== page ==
My goodness, who would have ever guessed that an insurance company might use underhanded tricks to avoid paying money to deserving policyholders making claims?
But it looks as if Farmers may have done just that in Hawaii. Here is the opening paragraph of a story from the American Association for Justice:
Seven former Farmers Insurance policyholders have sued the carrier in Hawaii state court for engaging in a bad-faith scheme—they allege that the company used a biased doctor to deny auto injury claims and terminate policies without examining or interviewing the plaintiffs or conferring with their treating physicians. Plaintiff attorneys say that bad-faith scams are common, especially in auto injury claims involving personal injury protection (PIP) coverage, an extension of car insurance that covers medical expenses and in some cases, lost wages. (Major v. Farmers Ins. Hawaii Inc., No. 13-c-2585-09 KTN)
The policyholders sued Farmers’ Hawaii division and its senior claims adjuster for breach of contract, bad faith, fraud and misrepresentation, negligent and intentional infliction of emotional distress, unfair business practices, and violating Hawaii’s no-fault law. They allege the defendants paid Christopher Brigham—a doctor with a local and national reputation for being biased in favor of the insurance carriers that hire him—substantial fees to write reports that Farmers then used to terminate the plaintiffs’ insurance coverage after they filed auto injury claims.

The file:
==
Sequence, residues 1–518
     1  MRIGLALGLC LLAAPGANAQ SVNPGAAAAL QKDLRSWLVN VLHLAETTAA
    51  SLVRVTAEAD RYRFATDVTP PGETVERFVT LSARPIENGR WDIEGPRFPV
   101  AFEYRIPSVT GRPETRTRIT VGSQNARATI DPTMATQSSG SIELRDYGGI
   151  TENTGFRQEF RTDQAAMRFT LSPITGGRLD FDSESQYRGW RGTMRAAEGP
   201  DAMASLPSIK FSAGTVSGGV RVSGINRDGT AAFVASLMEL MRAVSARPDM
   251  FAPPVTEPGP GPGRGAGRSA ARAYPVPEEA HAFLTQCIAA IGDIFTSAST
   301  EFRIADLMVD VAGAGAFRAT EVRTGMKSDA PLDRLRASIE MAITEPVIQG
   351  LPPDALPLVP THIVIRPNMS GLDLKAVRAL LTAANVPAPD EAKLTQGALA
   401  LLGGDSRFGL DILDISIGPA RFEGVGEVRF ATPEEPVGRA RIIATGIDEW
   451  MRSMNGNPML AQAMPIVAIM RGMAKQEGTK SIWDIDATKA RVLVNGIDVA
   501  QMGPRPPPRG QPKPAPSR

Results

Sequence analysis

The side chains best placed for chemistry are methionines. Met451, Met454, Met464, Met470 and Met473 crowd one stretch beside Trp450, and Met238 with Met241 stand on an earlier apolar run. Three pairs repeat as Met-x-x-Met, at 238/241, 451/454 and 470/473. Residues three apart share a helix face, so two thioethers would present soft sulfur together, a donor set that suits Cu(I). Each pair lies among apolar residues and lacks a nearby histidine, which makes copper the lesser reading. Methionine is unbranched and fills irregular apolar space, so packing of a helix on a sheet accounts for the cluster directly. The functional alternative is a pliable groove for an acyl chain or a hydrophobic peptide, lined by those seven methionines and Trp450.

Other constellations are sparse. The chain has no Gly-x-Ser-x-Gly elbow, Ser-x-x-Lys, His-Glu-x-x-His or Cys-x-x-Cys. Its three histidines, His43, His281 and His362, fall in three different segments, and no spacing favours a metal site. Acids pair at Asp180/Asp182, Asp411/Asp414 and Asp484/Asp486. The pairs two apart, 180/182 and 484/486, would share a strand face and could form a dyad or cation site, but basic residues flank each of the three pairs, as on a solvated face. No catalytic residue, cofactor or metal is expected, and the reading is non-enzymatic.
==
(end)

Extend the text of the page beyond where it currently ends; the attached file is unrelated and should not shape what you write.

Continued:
They say that Brigham, who was not named in the lawsuit, wrote the medical reports without examining or interviewing the policyholders and without communicating with any treating physicians. The plaintiffs seek an injunction permanently enjoining the defendants from using this “biased record review” as a basis for denying or terminating PIP benefits.